Türkiye is an important country in global development given its young, dynamic population and emerging economy. Türkiye also has historical leadership roles dating back to the Ottoman Empire. Türkiye plays a significant role in leading and seeking to develop relations with oppressed and developing countries in the Balkans, Africa, Central Asia and many other parts of the world. The impact of this Turkish foreign policy was even reflected in Turkish President Recep Tayyip Erdogan’s inauguration. State leaders from Venezuela to African countries, from the Balkan states to the Turkic states in Central Asia attended the ceremony. Türkiye is an important country that is a leader among both Muslim and Turkic states in the world. Türkiye deserves to be a strong leader in the new multipolar order. Considering Türkiye’s global interests, the question “Isn’t it time to add a T to BRICS?” is of critical importance. As the world is in a phase of global transformation, Türkiye’s participation in BRICS would give it a significant advantage.

“A new world will be established and Türkiye will take its place in this world,” Turkish Prime Minister İsmet İnönü said in his response to US President Johnson’s 1964 letter full of negative statements against Türkiye. Since 2015, Türkiye’s relations with the US and NATO have been in a deadlock over issues such as Syria, the Eastern Mediterranean, PYD/PKK, F35, S-400 and the new world order is being established under BRICS leadership. As BRICS’ influence and role in the global order grows, it would be very wise for Türkiye to take part in it. Türkiye should gain a strong position in the new international order. It is no coincidence that French President Emmanuel Macron wants to attend the BRICS summit. It is a reflection of France’s desire to seek a place for itself in an emerging new world order. Moreover, France is in conflict with its interests in Europe and Asia within NATO and in the western camp. Not only France but the whole of Europe suffers because of US interests. It is questionable how sustainable this situation is for Europe. In addition, Türkiye has a tendency to increase trade in local currencies, and it is even considered one of the leading countries in this regard. According to the IMF report in 2022, 33 percent of Türkiye’s national reserves are non-traditional reserves.  The share of yuan and ruble in Türkiye’s trade with Russia and China is increasing.

Five reasons for Türkiye to join BRICS

Türkiye has five points in common with the BRICS. The first of these is that BRICS is an association of developing countries. Türkiye is not a developed country like BRICS countries and needs to develop its industry and economy. Secondly, the BRICS are in favor of a multipolar and just world. Turkish President Erdoğan has always emphasized the need to establish a fairer world order by saying “the world is bigger than five”. The third is the union of producing countries. Türkiye’s current economic crisis is due to its lack of production and Türkiye needs to move towards production. The fourth point is that all of the BRICS countries have histories of colonization or semi-colonization. şIn other words, BRICS is a union of oppressed countries. Türkiye has never been an imperialist state since the Ottoman Empire, but an oppressed state that has been subjected to oppression and exploitation. Fifth, the populations and economies of the BRICS countries are dynamic and have a tendency to grow. Türkiye has a young and dynamic population and its economy has a tendency to grow in the future.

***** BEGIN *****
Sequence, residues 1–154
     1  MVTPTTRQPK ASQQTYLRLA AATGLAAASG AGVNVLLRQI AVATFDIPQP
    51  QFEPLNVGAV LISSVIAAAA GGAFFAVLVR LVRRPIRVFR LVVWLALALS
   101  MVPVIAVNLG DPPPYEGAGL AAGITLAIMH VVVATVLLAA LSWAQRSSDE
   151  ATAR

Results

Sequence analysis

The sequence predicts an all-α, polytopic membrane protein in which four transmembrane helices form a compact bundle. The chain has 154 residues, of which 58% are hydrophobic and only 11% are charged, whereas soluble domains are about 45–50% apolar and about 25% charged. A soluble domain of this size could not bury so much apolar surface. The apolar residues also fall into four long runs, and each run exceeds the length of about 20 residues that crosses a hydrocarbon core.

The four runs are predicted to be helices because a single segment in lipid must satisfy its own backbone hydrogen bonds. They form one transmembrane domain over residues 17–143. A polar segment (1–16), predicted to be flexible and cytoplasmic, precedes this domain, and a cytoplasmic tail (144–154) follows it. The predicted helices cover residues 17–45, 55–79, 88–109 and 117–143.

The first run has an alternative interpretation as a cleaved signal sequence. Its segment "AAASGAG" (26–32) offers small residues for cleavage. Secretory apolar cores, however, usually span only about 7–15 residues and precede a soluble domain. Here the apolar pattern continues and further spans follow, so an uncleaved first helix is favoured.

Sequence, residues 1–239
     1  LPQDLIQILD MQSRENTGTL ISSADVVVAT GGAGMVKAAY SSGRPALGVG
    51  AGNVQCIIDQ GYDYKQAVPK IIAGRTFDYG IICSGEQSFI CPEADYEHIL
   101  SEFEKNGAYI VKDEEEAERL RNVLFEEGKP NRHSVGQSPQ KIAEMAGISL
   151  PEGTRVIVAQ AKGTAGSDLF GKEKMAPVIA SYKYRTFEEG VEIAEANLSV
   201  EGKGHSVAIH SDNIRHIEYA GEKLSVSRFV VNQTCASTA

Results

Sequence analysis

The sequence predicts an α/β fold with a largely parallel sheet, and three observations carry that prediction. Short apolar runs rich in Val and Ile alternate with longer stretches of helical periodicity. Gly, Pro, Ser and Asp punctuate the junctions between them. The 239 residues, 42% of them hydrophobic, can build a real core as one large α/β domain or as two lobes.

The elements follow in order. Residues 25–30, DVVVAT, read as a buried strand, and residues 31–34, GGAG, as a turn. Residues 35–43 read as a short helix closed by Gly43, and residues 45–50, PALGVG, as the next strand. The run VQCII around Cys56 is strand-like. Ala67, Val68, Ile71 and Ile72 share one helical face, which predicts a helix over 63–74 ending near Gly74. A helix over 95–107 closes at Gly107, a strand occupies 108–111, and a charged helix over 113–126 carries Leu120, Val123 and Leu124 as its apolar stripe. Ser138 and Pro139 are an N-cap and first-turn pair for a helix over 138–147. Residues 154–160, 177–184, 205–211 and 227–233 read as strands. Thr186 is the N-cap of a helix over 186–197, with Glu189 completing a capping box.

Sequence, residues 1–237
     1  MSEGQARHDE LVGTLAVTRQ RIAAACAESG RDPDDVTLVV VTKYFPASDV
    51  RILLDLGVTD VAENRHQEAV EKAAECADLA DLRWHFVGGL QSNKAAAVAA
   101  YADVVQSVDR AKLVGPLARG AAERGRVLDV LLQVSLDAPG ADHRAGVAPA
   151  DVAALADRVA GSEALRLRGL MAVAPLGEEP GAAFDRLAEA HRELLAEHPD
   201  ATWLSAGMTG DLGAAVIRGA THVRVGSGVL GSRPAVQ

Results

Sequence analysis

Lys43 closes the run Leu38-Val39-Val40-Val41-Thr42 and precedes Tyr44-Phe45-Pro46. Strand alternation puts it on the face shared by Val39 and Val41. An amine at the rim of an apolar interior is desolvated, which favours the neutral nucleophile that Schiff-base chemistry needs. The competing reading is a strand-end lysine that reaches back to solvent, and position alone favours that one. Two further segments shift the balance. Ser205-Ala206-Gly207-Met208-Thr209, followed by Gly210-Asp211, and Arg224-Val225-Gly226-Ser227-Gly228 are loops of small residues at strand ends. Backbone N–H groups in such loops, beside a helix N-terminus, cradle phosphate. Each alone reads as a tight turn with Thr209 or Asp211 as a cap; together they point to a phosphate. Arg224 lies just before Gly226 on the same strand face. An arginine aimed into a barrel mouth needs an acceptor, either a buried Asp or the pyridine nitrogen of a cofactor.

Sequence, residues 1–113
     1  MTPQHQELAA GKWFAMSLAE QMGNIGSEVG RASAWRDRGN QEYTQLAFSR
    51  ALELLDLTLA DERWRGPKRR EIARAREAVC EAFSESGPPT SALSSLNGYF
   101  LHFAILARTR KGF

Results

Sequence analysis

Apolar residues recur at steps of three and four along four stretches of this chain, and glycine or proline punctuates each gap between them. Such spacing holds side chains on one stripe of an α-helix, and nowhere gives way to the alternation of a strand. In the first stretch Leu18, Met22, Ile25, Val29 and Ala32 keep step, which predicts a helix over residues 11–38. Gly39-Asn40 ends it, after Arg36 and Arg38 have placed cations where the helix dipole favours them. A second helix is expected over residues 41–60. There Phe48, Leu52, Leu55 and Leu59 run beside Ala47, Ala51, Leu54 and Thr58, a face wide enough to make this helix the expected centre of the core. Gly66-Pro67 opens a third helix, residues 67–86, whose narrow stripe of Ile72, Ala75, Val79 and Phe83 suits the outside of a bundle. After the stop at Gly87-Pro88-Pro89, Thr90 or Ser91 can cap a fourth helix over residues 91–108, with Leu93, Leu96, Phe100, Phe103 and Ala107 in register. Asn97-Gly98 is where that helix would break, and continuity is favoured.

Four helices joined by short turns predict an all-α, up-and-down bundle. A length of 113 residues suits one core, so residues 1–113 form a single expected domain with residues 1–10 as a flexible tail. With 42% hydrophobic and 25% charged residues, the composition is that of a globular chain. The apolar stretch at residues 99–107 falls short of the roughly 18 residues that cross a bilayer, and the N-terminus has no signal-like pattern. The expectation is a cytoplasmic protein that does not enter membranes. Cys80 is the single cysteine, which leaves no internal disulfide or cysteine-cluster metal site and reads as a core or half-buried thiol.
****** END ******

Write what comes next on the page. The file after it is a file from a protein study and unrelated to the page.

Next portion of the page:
In 1933, Mustafa Kemal Atatürk, the founder of Republic of Türkiye, said: “Look at the sun that will now rise from the east. As I see the day dawning today, so I see from afar the awakening of all the nations of the East. (…) Colonialism and imperialism will disappear from the face of the earth and will be replaced by a new age of harmony and cooperation among nations, without any difference of color, religion or race.” Atatürk was a very farsighted and revolutionary leader. He envisioned that one day, nations oppressed by the West would establish a just order and that this order would rise under the leadership of the East. Türkiye shares common values with BRICS and deserves to be the 6th leading state in BRICS because of its harmonious character between the west and the east and its historical position as a leader in the Muslim world.

Necati Demircan
Necati Demircan
Necati Demircan is a PhD candidate in Global Studies and research assistant of Center for Turkish Studies at Shanghai University. He is editor of the Belt & Road Initiative Quarterly. His articles were published by the Aydınlık newspaper, China Daily, and Hankyoreh. His research interests mainly focus on Chinese and Turkish foreign policies